DUBLIN – The witty Twitter account @justsaysinmice, run by Northeastern University research scientist Jim Heathers, offers a very useful corrective to the misleading and unwarranted hype that often accompanies preclinical studies in mice. What looks good in murine models is all too often lost in translation, for a whole host of reasons, and never has any useful effect in patients. That’s not a concern for a group led by Thomas Thum, of the Institute of Molecular and Translational Therapeutic Strategies at Hannover Medical School in Germany, who just published in Nature Communications the outcome of what is probably the largest ever pig study in heart failure.
Keeping you up to date on recent developments in diagnostics, including: Increasing early disease detection; Adapting NGS for coronavirus surveillance; AD and HHV: Still a mystery; Increasing accuracy of malaria diagnoses
When developmental neurobiologist Arnold Kriegstein talks about his work, it sounds for all the world like he is talking about the brains of teenagers. They are stressed. Their identity is mixed up. But putting them in a good environment is helpful to their development. Kriegstein, though, was describing brain organoids.
Keeping you up to date on recent developments in orthopedics, including: Tiny salamander's huge genome may harbor the secrets of regeneration; New injection technique may boost spinal cord injury repair efforts; ACL tears cause harmful changes in brain structure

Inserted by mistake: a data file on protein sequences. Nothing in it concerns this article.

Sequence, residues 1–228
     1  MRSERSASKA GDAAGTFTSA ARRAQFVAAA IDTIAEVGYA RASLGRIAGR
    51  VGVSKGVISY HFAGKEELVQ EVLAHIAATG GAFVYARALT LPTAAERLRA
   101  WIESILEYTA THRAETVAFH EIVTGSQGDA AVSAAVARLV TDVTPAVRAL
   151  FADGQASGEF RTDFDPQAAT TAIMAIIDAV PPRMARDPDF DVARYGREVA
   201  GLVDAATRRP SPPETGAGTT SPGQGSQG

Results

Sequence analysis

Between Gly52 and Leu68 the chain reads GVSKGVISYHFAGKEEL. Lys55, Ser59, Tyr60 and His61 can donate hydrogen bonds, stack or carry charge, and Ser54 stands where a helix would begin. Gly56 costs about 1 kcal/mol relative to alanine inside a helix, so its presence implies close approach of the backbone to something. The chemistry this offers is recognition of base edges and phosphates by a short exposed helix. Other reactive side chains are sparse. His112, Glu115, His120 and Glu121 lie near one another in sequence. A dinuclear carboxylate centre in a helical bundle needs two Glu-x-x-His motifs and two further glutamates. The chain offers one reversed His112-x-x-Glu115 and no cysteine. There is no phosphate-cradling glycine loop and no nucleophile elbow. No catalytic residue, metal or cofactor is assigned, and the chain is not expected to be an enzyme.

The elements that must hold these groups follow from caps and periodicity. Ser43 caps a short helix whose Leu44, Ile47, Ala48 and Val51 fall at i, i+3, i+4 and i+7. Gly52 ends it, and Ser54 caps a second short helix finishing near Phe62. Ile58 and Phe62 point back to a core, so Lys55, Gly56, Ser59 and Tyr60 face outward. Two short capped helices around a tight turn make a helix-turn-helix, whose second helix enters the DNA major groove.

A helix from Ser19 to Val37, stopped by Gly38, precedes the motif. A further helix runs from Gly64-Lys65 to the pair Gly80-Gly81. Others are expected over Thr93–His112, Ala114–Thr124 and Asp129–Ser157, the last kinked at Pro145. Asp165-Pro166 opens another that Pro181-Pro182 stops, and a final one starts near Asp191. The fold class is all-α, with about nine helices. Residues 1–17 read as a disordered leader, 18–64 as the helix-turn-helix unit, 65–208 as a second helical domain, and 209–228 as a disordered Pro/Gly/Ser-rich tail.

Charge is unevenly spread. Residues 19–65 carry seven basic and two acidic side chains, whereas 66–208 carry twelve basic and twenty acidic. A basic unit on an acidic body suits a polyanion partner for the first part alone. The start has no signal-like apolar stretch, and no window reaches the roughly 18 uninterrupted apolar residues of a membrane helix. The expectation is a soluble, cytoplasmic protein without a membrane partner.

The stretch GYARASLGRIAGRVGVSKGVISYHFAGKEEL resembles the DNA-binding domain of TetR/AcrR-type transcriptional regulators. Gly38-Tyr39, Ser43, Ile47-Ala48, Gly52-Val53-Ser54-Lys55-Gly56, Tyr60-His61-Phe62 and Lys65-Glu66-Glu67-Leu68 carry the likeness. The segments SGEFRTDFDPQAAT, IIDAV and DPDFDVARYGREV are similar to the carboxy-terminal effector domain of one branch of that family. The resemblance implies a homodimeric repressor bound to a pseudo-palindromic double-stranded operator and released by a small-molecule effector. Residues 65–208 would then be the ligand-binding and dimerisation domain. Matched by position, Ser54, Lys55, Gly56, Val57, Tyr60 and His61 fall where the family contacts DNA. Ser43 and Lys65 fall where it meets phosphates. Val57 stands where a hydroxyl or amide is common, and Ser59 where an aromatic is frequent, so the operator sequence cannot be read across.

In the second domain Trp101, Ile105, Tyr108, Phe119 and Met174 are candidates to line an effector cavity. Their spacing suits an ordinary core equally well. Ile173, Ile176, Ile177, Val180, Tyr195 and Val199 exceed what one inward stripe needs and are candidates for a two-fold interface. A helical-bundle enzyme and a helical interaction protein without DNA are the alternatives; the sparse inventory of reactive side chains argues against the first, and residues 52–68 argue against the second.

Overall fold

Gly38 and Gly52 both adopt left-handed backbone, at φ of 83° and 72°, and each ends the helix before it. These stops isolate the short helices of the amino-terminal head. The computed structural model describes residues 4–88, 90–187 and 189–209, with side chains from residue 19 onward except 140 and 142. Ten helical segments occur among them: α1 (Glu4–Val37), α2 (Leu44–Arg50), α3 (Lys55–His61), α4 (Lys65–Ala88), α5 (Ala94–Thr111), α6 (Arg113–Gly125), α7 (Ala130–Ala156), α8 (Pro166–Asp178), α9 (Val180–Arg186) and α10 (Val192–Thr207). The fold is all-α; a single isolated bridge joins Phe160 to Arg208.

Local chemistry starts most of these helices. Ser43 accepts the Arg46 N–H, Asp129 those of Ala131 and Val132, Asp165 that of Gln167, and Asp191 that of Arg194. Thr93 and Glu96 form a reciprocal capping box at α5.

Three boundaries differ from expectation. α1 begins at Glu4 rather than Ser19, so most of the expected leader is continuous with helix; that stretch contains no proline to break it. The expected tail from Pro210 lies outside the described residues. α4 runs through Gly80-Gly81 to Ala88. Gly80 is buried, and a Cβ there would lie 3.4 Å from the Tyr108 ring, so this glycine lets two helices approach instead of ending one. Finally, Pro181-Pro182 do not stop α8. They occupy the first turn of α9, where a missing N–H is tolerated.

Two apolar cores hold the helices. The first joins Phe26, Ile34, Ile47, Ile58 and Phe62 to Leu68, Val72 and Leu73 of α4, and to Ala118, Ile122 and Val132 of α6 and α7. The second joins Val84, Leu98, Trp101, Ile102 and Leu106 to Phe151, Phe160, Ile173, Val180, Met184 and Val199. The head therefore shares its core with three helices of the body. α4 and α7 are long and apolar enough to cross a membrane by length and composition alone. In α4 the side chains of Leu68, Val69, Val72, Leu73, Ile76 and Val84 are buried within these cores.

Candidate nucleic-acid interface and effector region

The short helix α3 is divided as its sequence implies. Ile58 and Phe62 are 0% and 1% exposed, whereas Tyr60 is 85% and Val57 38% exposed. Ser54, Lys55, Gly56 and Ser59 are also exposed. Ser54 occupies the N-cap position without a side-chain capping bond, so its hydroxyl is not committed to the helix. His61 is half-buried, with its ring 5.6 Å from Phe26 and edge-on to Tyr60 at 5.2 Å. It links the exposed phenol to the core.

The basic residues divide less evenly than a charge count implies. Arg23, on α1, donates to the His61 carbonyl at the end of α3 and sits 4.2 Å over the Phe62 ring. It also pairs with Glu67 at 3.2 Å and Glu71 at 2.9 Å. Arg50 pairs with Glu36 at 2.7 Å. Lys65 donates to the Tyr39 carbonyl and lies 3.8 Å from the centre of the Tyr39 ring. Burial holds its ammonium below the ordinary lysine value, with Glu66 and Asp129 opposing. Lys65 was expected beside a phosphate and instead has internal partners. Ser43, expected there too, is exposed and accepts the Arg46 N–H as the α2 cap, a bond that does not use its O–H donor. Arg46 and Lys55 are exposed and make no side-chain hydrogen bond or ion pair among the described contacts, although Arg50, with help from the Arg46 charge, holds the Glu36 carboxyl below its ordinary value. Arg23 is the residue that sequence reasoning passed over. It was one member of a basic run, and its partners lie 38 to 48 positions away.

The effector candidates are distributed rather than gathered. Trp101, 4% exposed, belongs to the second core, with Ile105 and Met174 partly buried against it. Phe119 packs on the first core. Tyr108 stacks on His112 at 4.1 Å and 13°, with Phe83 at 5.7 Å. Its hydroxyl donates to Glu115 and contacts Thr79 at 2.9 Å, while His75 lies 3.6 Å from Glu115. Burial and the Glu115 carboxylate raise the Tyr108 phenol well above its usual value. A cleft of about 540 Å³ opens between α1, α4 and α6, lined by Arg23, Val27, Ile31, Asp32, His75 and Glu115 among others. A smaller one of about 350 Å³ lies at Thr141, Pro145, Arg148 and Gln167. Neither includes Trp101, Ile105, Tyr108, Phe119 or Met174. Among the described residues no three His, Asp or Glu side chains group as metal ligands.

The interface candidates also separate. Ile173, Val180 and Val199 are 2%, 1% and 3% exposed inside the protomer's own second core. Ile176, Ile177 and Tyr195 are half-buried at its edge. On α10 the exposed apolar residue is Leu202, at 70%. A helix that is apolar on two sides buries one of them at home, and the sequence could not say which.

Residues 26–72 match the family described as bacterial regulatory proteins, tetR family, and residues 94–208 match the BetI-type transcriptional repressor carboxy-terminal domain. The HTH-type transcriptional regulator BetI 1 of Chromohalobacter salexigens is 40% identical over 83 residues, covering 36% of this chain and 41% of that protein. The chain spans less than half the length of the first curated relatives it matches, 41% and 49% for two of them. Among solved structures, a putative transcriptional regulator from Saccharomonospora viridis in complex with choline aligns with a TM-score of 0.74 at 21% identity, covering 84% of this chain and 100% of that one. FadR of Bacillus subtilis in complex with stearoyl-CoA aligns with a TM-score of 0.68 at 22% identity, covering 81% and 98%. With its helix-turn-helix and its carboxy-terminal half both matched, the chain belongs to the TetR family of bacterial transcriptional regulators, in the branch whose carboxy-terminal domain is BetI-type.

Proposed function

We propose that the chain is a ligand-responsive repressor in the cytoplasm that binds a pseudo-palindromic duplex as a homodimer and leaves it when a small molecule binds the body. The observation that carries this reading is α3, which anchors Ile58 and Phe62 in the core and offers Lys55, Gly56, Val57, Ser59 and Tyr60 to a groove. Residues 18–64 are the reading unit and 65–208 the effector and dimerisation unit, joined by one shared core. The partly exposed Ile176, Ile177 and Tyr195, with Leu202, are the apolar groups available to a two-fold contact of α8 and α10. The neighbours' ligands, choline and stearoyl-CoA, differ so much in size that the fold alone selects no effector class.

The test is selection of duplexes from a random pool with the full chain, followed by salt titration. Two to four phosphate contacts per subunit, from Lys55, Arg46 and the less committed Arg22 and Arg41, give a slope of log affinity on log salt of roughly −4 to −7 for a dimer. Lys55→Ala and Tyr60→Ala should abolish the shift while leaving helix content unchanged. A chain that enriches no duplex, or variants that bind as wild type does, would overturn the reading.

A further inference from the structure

Keeping you up to date on recent developments in oncology, including: SABR showing promise for spinal metastases; Chromosome amplification drives cancer progression via effects on secretion; IMRT shows well in study of upper-tract urothelial carcinoma
Australian researchers led by the Garvan Institute of Medical Research in Sydney have compiled the first reference genome database of healthy older Australians, which potentially can predict disease-linked gene variants more accurately than has been previously possible.
An international collaborative study led by geneticists at the Queensland Institute of Medical Research Berghofer Medical Research Institute (QIMR) in Brisbane, Australia, has used a multivariate approach to develop a polygenic risk score (PRS) for glaucoma.
LONDON – Researchers have discovered a T-cell receptor (TCR) that is both capable of targeting a range of solid tumors and independent of human leukocyte (HLA) type, opening up the prospect of developing a universal anticancer T-cell therapy.